Mixing flavours and functions is a basic skill in cooking: Add lemon juice for acid, parmesan for umami, you get the idea. But with cleaning products, combinations aren’t just the sum of their parts. Some can be harmful to your health.
While it may be tempting to throw a cocktail of cleaning products at a dirty bathroom, or kitchen or [insert grubby space name here] to really get it to sparkle, a lot of caution needs to be taken.
Many folks may not know this, but you can cause serious damage if you accidentally combine a dangerous mixture of cleaning products. So, to help save you the headache going forward, we’ve put together a list of cleaning combo no-nos.
Here are the pairings that you must avoid:
Bleach and ammonia
When these two are mixed, a chemical reaction produces chloramine gas, which can irritate your eyes and nose. It can also cause breathing problems, including wheezing and, in severe cases, pneumonia.
Glass and window cleaners often contain ammonia, as do several other cleaning products—check the label. Urine also contains ammonia, so if you’re mopping up after a kid’s or pet’s accident, be sure to clean up all the urine before using another product.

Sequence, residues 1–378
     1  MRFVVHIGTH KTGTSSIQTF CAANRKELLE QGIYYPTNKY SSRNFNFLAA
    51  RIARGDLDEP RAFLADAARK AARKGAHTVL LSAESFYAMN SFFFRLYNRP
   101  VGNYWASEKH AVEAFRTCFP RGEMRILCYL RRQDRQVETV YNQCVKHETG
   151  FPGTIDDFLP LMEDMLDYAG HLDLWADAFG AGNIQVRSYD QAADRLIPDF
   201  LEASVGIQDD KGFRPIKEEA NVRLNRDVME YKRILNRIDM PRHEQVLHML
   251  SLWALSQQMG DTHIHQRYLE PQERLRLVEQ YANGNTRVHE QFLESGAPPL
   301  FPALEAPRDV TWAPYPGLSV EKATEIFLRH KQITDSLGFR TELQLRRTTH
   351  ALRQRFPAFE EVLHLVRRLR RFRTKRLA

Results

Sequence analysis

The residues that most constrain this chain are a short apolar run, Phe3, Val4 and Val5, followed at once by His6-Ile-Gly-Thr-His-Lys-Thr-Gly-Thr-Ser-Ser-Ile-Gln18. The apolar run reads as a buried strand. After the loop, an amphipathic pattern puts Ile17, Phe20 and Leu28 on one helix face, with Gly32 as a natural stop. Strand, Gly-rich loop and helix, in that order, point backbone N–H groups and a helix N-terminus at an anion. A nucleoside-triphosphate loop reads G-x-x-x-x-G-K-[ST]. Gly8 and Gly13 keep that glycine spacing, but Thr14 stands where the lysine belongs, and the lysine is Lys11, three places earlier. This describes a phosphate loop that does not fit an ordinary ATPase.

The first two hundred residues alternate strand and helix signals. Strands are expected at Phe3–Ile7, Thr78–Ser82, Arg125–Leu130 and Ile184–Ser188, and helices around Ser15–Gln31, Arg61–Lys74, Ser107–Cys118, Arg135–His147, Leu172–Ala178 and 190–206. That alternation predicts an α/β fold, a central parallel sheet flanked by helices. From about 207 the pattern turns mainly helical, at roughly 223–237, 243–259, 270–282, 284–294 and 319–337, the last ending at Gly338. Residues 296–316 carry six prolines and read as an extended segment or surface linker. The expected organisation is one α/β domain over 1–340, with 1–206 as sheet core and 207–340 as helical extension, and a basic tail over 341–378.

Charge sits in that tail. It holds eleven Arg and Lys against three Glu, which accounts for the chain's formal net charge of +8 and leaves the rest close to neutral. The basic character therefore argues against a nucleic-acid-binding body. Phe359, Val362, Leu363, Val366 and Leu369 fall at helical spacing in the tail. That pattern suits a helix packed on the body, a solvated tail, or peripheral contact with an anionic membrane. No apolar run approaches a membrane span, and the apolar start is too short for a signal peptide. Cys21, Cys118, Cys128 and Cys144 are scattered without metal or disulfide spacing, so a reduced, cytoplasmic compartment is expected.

Bleach and vinegar
Mixing bleach with any acids, including vinegar, can cause an even more toxic chemical to form: chlorine gas. (You may recognise this from the news or history books; it’s an infamous agent of chemical warfare.)
Like chloramine gas, chlorine gas irritates eyes and mucous membranes including the nose and throat, and can cause lung damage at high doses or with prolonged exposure.
Rubbing alcohol and bleach
Mixing these two gives you chloroform, a gas that has been used as an anesthetic. It also irritates eyes and mucous membranes and can have effects on the nervous system and heart. In large doses, it too can be fatal.
Acetone, found in some nail polish removers, also makes chloroform when combined with bleach.
Just don’t mix your cleaners, ok?
The three above are the most toxic combinations you’re likely to create accidentally, but plenty of other mixtures are ill-advised. For example, hydrogen peroxide and vinegar make a corrosive liquid; it may damage the things you clean, or irritate your skin.
Baking soda and vinegar can each act as an effective cleaner on their own (baking soda is abrasive, vinegar is acidic) but when you mix them together, they neutralise each other. Yeah, the foaming is fun to watch, but it’s just the effect of the two products cancelling each other out.
Bottom line, use your cleaners according to the directions on their label and don’t mix them.
This article has been updated since its original publish date.